We all like driving, otherwise your eyes and my words would not be meeting on this page now.
But how often do you go for a drive? The difference between driving and going for a drive is profound. Given our common passion you have thought we’d all be out there, driving for the sake of driving. But that’s not what happens: every drive is compromised, usually by the destination. The hard facts are that you are here and it is there. These are immovable parameters within which you must work.
What if you woke up one morning and just drove and not just for a few hours but a couple of days? What if driving became not the means, but the end? Where would you go?I thought I knew. We needed a car and as the Porsche 911 GT3 is our current Britain’s Best Driver’s Car champion, that choice was not difficult.
But we also needed a route. This was the delicious bit. To keep it relevant, the only limit to this plan would be the shores of Great Britain. Upon that canvas I could doodle any damn journey I chose, taking in the roads of England, Wales and Scotland over which I’d most enjoyed driving cars during 25 years in this job.
As most journeys tend to, this one started at home. I live in the Wye Valley where if you drive west from London is where the good roads start. Parked outside my shed with my old Peugeot, older Land Rover and ancient Fiat peering down upon it, I fondly imagined startled gasps of French, English and Italian as my blue collar accumulation of antediluvian wreckage beheld the young German nobleman in their midst.
Wingman would be Autocar staff photographer Stuart Price, picked not just for his talent with a camera, but his tolerance of the kind of driving I have in mind. He’s done 200 miles just to get here, so now it’s already lunchtime on day one, and our journey has yet to commence. On the plus side, Stu is lovingly constructing a tuna and Quavers sandwich: if he can stomach that, he has nothing to fear from my driving.
Where to go? I thought about the west country, but few memorable drives have come on those roads, fewer still since a blanket speed limit was draped over Dartmoor. So we go west to objective one at Black Mountain, probably the single most challenging road in Wales.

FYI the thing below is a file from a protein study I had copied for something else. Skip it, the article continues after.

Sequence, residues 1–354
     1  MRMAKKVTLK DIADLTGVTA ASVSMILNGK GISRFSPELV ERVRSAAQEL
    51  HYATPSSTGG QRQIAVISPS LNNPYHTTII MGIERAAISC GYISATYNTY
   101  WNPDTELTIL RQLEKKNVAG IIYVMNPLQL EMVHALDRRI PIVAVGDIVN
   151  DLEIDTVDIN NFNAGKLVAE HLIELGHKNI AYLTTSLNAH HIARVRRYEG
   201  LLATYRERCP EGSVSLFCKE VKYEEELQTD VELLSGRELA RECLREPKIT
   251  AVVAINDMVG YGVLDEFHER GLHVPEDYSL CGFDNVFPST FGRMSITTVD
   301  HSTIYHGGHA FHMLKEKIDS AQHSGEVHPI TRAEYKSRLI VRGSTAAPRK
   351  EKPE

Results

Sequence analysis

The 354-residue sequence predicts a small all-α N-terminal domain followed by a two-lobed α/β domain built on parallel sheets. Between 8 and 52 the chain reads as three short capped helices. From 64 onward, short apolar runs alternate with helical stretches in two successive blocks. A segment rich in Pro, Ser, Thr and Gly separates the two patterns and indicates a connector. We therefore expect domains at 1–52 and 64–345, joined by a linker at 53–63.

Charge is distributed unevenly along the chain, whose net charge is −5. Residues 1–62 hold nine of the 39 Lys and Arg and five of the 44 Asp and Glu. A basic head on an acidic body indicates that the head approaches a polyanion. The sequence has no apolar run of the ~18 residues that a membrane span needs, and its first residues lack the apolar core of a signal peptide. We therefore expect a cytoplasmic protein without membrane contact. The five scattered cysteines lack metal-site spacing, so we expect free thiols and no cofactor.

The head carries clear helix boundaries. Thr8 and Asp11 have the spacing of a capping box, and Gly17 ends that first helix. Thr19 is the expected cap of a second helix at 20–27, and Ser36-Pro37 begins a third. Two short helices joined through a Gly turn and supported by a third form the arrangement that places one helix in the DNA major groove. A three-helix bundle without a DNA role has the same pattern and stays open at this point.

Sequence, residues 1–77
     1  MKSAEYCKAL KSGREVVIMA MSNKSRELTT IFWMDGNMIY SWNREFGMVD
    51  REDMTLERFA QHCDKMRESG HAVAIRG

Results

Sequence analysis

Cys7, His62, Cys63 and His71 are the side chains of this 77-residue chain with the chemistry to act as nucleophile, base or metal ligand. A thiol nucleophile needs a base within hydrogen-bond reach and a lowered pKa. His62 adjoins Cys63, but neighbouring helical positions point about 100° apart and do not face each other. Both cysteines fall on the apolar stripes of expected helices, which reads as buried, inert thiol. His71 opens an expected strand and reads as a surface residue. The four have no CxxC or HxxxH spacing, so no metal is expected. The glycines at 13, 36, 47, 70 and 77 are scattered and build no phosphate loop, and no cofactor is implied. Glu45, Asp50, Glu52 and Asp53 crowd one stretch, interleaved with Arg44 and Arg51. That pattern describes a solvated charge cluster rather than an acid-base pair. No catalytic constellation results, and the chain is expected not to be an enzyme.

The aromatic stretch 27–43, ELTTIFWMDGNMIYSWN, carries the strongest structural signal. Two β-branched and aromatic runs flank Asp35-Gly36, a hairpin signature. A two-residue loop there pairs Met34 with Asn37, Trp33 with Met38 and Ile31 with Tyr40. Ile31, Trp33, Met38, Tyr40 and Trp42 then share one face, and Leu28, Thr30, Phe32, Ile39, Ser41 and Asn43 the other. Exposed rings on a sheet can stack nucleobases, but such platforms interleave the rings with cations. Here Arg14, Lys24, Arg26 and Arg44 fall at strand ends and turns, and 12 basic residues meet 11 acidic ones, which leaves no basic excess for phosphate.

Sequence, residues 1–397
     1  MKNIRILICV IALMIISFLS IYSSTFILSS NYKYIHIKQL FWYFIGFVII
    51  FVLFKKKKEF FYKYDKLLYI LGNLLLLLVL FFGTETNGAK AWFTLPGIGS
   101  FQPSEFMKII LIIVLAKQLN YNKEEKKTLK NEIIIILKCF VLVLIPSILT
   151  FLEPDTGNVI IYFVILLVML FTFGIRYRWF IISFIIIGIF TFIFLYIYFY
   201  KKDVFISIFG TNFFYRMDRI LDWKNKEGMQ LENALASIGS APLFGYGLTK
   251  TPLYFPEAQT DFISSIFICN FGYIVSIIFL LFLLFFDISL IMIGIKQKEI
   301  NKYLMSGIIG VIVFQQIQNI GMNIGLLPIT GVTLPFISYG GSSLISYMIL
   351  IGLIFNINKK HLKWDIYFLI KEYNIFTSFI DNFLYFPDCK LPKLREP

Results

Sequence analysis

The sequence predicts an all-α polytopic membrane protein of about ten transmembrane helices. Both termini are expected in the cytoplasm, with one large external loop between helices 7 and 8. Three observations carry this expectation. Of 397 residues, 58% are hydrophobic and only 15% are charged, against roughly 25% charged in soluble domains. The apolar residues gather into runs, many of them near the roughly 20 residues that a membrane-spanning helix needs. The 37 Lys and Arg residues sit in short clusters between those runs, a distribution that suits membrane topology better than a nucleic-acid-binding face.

I’d not say the road from Brynamman to Llangadog is perfectly for the GT3 – its narrowness makes it a more Caterham-friendly facility, but the Porsche still flings itself at the mountain with monumental conviction. There’s no time to relax here: huge boulders line the road that can – and have – ripped entire suspension assemblies off cars conducted by drivers greedy for more than their fair share of apex.
But armed with a precision instrument and taking care only to drive what you can see, it presents an inspiring challenge. Of all the roads for which we are heading, this presents the toughest intellectual challenge. You might not whoop with joy at its conclusion, but that quiet glow is no less satisfying for that.
We fill for the first time in Llandovery and at just 3.30pm, the light is already failing. Photo shoots usually stop around now at this time of year, but this is not a shoot: it’s a drive during which we’re taking some shots to prove we did it. Besides I love driving in the dark: roads you think you know well become strange and new as your journey through the night takes on an altogether more intrepid quality.
So we hammer north, up the wonderful A483 to Beulah and then the B4358 to Newbridge-on-Wye. The A470 from there to Rhayader is fast, but the B4518 from there to Llanidoes and on to Llanbynmair is simply epic. Narrow, quick, full of crests and cambers its surfaces are made variable by the ingredients of both its tarmac and stomach contents of the livestock that frequently passes this way.